Moana Voyages offers you to discover a capital place of French Polynesia’s history, which embodies the perfect symbiosis between Europe and Polynesia. Nowadays considered as a “must see”, an attraction not to be missed in Tahiti, we are referring to the point venus and its lightouse of course. Surrounded by a beach of black sand, it happens to be the northernmost place of Tahiti. Venus Point owes its name to Captain James Cook, who originally came there to watch the transit of venus across the sun in 1769.
A place filled with history
Before accosting in Matavai’s Bay, where Point Venus is located, the Dolphin had sailed along the tahitian shores and had encountered several bays, favourable to landing.
Why did he choose Matavai’s Bay then?
During his journey around Tahiti, Captain Samuel Wallis had tried to accost in a lot of Tahitian bays:he first opted out for the South of the island, towards Mataiea, Papeari and Taravao and then chose the East coast, near Mahaena.
But after have turning back several times, the crew became exhausted and started lacking provisions and drinking water, which is why they took the decision to accost at the next stop, whatever happens.
As they arrived in Matavai’s Bay, which was perhaps one of the most picturesque bays they had seen, they chose to berth there.
Unfortunately, as they were heading to this famous Matavai Bay, the captain’s vessel hit a rock and they came to a standstill. Hundreds of canoes surrounded them with one goal in mind: destroying the ship. Fortunately for the captain, a serendipitous breeze blew and enabled the vessel to get off the rock and find another place where to accost. Since then, this coral bank is known as “The Dolphin’s bank” in memory of the Dolphin’s stranding.
Point Venus, a key place in Tahiti
Wallis’ arrival in the Matavai Bay marks the beginning of a series of events:
- April, 13th 1769: Captain James Cook arrived in Tahiti aboard de Endeavour in order to observe Venus’ transit, planned on June, 3rd. This expedition aimed at calculating the distance between the Sun and the Earth. Today, James Cook’s notes remain one of the mostprolific sources of information regarding past Polynesian society.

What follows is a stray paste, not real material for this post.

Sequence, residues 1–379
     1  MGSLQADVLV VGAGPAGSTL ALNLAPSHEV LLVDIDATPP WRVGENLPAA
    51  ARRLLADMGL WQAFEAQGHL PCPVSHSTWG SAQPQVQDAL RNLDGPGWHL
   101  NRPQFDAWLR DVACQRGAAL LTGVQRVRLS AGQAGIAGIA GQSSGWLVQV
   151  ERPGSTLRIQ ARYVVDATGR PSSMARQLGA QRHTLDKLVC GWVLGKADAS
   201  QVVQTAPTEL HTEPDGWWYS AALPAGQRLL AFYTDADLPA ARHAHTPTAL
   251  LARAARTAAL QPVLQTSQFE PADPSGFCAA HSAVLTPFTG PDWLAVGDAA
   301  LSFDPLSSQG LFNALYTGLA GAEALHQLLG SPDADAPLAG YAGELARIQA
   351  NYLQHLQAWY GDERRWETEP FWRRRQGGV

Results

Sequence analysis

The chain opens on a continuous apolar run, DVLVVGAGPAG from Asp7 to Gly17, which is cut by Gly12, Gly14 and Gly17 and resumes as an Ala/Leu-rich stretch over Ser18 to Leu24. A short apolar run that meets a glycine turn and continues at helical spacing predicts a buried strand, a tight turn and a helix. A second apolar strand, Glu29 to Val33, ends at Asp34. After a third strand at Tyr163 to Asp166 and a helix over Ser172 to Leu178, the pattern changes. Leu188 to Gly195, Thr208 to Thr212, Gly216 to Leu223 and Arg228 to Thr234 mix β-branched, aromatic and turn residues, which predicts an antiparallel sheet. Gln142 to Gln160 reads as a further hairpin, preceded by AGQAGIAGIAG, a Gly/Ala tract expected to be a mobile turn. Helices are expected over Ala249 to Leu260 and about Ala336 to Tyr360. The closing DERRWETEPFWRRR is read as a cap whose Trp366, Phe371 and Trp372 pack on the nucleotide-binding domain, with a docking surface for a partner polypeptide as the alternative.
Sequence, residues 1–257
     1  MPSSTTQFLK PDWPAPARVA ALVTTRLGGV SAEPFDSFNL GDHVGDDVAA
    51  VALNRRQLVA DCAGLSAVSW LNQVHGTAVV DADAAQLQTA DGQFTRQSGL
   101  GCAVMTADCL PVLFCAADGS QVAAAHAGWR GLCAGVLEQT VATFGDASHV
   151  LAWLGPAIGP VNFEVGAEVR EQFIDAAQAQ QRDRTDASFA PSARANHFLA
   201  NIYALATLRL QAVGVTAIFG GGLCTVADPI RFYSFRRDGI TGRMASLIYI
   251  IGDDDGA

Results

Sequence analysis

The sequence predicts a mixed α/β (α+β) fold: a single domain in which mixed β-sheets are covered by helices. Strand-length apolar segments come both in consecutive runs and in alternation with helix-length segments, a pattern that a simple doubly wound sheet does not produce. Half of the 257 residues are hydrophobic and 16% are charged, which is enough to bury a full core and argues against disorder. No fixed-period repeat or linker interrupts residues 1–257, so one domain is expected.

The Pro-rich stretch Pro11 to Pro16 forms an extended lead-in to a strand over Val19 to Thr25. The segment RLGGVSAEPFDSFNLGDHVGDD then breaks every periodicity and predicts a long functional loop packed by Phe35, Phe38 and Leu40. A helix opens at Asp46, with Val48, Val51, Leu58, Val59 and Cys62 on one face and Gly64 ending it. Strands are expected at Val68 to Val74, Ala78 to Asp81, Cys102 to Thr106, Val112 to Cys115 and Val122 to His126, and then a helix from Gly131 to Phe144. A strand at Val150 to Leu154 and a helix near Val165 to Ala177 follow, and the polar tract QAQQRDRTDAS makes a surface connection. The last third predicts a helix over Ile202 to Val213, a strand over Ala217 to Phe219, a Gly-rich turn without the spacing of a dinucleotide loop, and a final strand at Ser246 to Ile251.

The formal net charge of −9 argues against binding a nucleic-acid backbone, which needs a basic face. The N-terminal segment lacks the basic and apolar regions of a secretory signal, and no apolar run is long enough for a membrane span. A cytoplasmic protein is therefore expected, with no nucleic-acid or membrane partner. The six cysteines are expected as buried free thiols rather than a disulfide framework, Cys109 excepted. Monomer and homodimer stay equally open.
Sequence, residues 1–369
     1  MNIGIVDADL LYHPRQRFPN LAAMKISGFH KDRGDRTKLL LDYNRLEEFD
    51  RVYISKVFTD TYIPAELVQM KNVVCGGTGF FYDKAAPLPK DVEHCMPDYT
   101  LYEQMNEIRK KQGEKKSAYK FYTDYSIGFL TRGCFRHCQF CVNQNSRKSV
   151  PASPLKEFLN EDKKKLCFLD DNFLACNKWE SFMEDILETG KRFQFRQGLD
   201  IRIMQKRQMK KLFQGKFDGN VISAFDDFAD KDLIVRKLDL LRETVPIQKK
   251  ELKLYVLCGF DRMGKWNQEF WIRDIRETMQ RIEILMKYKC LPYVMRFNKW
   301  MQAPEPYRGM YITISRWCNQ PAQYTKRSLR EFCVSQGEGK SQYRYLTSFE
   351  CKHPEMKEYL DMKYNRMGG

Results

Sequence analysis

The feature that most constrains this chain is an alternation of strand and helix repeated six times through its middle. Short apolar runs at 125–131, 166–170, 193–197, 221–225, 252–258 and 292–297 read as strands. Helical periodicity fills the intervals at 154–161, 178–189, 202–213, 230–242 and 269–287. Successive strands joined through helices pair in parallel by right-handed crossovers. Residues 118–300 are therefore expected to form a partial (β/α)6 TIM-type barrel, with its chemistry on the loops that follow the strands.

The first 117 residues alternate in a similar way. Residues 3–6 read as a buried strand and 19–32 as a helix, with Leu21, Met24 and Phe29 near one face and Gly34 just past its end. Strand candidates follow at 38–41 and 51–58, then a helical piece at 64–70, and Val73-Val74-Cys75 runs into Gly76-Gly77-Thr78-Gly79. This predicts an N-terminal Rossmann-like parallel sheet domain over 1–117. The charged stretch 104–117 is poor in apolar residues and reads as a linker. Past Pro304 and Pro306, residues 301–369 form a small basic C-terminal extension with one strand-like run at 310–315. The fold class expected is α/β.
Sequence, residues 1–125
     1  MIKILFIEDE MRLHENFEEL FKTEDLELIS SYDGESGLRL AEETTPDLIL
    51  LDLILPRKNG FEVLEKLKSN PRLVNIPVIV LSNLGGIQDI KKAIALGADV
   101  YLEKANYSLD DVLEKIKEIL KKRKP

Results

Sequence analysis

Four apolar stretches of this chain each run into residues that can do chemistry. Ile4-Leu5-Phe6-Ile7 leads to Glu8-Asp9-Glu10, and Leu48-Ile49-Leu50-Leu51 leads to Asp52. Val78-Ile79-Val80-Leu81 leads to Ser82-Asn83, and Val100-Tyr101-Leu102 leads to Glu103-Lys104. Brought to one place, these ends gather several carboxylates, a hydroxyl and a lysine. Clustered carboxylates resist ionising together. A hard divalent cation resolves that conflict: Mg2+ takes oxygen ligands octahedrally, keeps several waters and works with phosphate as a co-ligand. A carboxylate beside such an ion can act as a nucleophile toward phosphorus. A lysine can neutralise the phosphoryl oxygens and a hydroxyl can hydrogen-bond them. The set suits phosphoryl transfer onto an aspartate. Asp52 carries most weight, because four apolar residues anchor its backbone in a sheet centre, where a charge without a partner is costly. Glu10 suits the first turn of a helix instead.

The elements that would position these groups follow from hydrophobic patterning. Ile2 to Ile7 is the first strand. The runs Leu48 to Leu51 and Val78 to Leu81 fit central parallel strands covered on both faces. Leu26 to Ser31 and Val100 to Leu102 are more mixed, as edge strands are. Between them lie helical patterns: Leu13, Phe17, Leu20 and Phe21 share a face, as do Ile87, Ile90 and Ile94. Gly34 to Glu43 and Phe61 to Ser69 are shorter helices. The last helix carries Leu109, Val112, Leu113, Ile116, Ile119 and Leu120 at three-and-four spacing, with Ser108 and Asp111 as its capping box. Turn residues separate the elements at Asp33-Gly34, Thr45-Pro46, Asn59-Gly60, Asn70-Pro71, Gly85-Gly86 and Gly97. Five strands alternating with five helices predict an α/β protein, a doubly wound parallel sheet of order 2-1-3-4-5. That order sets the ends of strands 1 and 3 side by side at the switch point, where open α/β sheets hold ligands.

- March, 5th 1797: English missionaries from London Missionary Society (LMS) accosted in Matavai Bay aboard the Duff and settled in Point Venus.
- 1856: After an 1851 application, a sidereal lantern was built on the Point Venus site.
- August 1867: After having deposited an application to build a lighthouse on April, 12th 1864, it was finally build by August 1867 and comissionned on January, 1st.
- 1953: One floor was added to elevate the lighthouse and make it easier to be seen, and it was only electrified in 1973.
This lightouse remains the only one of Tahiti. Generally known as “Teara o Tahiti” in reo maohi, this square tower of 8 floors and 25 meters high, was edified of rubble stone and corals by Thomas Stevenson helped by masons coming from Mangareva.
For the little story, during the Second World War, Mahina’s citizens (the city where the lighthouse is located) painted coconut trees on their lighthouse in order to hide it and prevent the Japanese fleet from landing in Tahiti.
Fun fact, the lighthouse was so well hidden that even the guardian could not find when he had been drinking. Thus, he used to climb on coconut trees thinking that he was taking the stairs of the lighthouse.
After having been forsaken for about 50 years because of Papeete’s harbour development, the Point Venus regained popularity with foreigners and now attracts more and more tourists every year.
Today, the Point Venus lighthouse still operates and testifies of the evolution of the Pacific history. It is also used for aerial navigation as lenses for aerial clusters were added.
Point Venus, with its large beach of black sand, her emerald water, her mythical lighthouse and a long and a great history turns out to be a charming place, which you shall not miss during your trip. It is perfect for every kind of tourism, may you be keen on culture, sports or leisure.
Point Venus is the symbol of the encounter of Europeans and Polynesians, a place where you can wander, take a bath, surf or learn about Polynesian history.
Pictures : © Tahiti Tourisme